Trout baked in banana leaves, Thai style
If my supperclub is a random but accurate sample of what’s going on in the world, it looks like the Conservatives will win. Practically every guest was going to vote Tory. This has made me so depressed that I’ve had difficulty rousing myself to write this blog post. Those of us who lived through the stultifying Thatcher and Major years are not looking forward to a Tory government.
Another lesson learnt: don’t put coconut milk in with rice in a rice steamer. You will find that your fish is cooked, you check the rice to go with it and…it is raw. You try to switch on the rice steamers and they will not remain switched on. You resort to sellotape and tape down the switch. Ten minutes later you smell something burning and realise that your rice is burnt. All of this was done under the unrelenting gaze of the BBC Moneywatch cameras (I think they must be making a feature film on me). If, when it is screened in July, you see a harassed and hysterical MsMarmitelover screaming helplessly “You cunting Teflon” at an inanimate object, picking burnt bits, trying to rescue some rice, hyperventilating “I can’t cook rice except in a steamer” to a strange first-time waitress well…please understand. This was scary. Probably the biggest cooking scare I’ve ever had. The cameras just kept turning, focusing in ever closer on the caramelised bottom of the rice steamer, the blobs of rice everywhere, counter, plates, in my hair. I wanted to stop them but realised this would make me seem even more uncool. So much for my unflustered, I can cope with anything persona that I dimly fantasised that I would project on the telly screen. It was car crash cooking. Embarrassing.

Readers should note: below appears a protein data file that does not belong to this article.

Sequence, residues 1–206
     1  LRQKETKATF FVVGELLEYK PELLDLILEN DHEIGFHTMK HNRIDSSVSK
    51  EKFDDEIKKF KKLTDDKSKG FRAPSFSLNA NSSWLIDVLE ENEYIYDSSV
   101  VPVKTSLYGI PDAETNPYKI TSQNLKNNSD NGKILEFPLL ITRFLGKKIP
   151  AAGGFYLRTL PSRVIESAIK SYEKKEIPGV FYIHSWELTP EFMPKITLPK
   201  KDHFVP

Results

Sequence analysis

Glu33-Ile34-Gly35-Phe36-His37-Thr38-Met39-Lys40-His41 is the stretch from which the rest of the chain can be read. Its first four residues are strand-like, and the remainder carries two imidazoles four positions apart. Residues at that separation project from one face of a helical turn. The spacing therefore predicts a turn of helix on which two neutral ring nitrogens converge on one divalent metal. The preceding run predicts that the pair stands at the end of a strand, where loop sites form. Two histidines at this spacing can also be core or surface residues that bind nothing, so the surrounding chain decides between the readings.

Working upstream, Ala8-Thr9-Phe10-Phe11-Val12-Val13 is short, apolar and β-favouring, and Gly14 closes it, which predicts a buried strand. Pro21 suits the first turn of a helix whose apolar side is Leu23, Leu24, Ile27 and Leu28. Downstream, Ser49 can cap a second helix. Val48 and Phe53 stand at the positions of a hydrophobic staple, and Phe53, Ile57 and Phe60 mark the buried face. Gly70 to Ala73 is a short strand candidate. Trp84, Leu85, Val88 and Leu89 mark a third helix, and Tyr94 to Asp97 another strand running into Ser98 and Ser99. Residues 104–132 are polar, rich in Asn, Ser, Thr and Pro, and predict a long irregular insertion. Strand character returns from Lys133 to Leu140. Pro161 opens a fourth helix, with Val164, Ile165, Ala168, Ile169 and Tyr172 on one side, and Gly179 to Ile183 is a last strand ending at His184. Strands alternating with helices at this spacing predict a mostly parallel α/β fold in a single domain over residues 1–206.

I mentioned it on Twitter and apparently this inability of a rice steamer to cope with coconut milk is well known. The trick is to use coconut powder instead. Or just add the coconut milk at the end.
Pimms with mint, cucumber and strawberries
Banana leaf wrapped red sea trout with Thai spices and coconut (the banana leaf ‘en papillote’ style of cooking really retains the moisture and flavour of the fish)
Neal’s Yard cheese board with Dorstone goats cheese, Ardrahan washed rind cheese, Coolea (made by a Dutch couple who moved and shipped Dutch cows to Ireland) and Colston Bassett Stilton, a fig and walnut wheel, oat cakes and almonds.
Cardamom and almond tuile
Coffee by Douwe Egberts (cafetiere blend)
Chocolate truffles made by moi.
I tried a couple of tuile recipes, one with caster sugar, the other with icing sugar. Perhaps the icing sugar version turned out thinner and crispier. Once you get the knack of spreading a circle of the batter with your spoon, not too thin, not too thick, it’s a fun thing to make and matched well with the creamy kulfi.
Even a table of British-Asian guests (Tories and interestingly, concerned about immigration, talked about the differences between generations) loved it. Compliment indeed. They asked when I was going to do an Indian night….soon….
Another table of guests had come all the way from Essex. One of the ladies was a life coach and personal trainer.
“Where are you going next?” she asked me with a significant look.“What do you mean?”“Well you can’t start a restaurant can you?” she pronounced“Can’t I?”“Ooh no. It just wouldn’t be the same” She paused then announced “What you need is a franchise”“Er how would that work?” I asked politely.“Sell your idea to other people, train them how to do it, set up other home restaurants…”